Sherilyn J. struggled with hearing loss for years, causing her to pull away from the things she loved and the person she had always been. A combination of forces, her CochlearTM Nucleus® Implant System, a Vanderbilt research study and a singer-songwriter’s lyrics, brought Sherilyn back to her biggest passion, music:
“A chance meeting and photo with a talented warm-hearted musician has become a symbol of my season of joy with my cochlear implant (CI)!
One year after my CI, in July 2017, I was grateful to participate for three days in Vanderbilt’s CI research project studying CT guided mapping and bimodal hearing. Excited to be in Music City, Nashville, I explored live music in the evenings and was lucky to find singer-songwriter Mitchell Lee’s show. His music, free spirit, radiant smile, and love of music and people were contagious! (Also, Mitchell is a contestant on this season of NBC’s TV show ‘The Voice.’ See his blind audition here.)
I found his song ‘Already Gone’ on YouTube after his show and sat there in awe! With my new CI mapping from the Vanderbilt research project, I effortlessly heard Mitchell’s song lyrics… for the first time after ten years of exhausting and futile attempts to enjoy music. His Facebook post captures the joyful moment for us!
Music has been a passion for me, but as hearing became more challenging and fragmented, I withdrew from playing the keyboard and singing in various groups. My hobbies adapted to hiking, photography, reading, cooking, traveling, home improvement and quiet social interactions.
Hearing loss has been a humbling and isolating experience for me, missing out on life all around that I longed to be a part of and feeling like a shell of who I had once been.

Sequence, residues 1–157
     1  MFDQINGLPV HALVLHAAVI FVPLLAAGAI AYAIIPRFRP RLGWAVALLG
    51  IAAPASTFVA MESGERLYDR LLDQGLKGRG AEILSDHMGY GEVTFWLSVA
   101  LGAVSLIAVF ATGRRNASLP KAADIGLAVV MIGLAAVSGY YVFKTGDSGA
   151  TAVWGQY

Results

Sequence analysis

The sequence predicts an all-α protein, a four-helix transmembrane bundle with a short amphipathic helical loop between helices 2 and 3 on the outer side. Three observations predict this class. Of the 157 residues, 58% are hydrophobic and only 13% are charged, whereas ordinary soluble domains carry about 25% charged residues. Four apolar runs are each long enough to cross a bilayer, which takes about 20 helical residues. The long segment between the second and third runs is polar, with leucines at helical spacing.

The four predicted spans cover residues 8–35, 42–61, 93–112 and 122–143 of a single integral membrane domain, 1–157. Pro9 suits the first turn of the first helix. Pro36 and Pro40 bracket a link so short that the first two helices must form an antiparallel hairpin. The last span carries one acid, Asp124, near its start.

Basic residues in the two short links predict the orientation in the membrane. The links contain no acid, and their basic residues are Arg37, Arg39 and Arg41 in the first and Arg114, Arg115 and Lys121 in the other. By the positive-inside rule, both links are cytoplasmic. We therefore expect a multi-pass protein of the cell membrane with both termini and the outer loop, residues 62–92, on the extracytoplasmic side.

My hearing journey began in 2003 when I discovered my left ear hearing, lost suddenly during a respiratory illness, was so bad that a hearing aid could not help. My right ear was gradually losing hearing, too.
My hearing loss continued to progress over the years, so much so that it was hard for me to understand speech and I could no longer hear significant sounds like fire alarms, birds and whispering.
Finally, I was excited to be placed on the surgery schedule for a cochlear implant, only to have my insurance deny my requests for 20 months. Success came after my third doctor across the state appealed one more denial!
Keeping my calling as a cardiac RN during my hearing loss and CI rehab has been a major focus, only possible because I didn’t lose my low-pitched hearing, necessary for essential sounds, including blood pressures and heart tones. But I had to face hard questions: Was I safe? Competent? Thirty-seven years of experience, working double speed, lip reading skills, a caring heart, a supportive boss, several kind coworkers, and the grace of God saw me through those uncertain times at work to my current place of improvement with my CI.
Enjoying music is becoming easier for me too, and it brings me confidence for new adventures, connecting me with people and life more. I can now hear percussion, high-pitched melodies and some lyrics. Voice lessons are helping me learn to sing with my new CI sounds, and I ventured to play for an enthusiastic memory care unit recently.
Very important to my CI success were the doctors who fought for me to hear, my audiologist, Vanderbilt, Facebook CI groups, Cochlear’s rep, audio training, a journal, God, and those who patiently interacted with me in spite of communication frustrations.
My Nashville adventure energized my spirits in the process of reinventing myself and re-engaging with life. Thank you, Cochlear, for hope reborn, Vanderbilt, for your tireless research and discoveries, Mitchell Lee, for great music, a moment of shared joy and a photo!”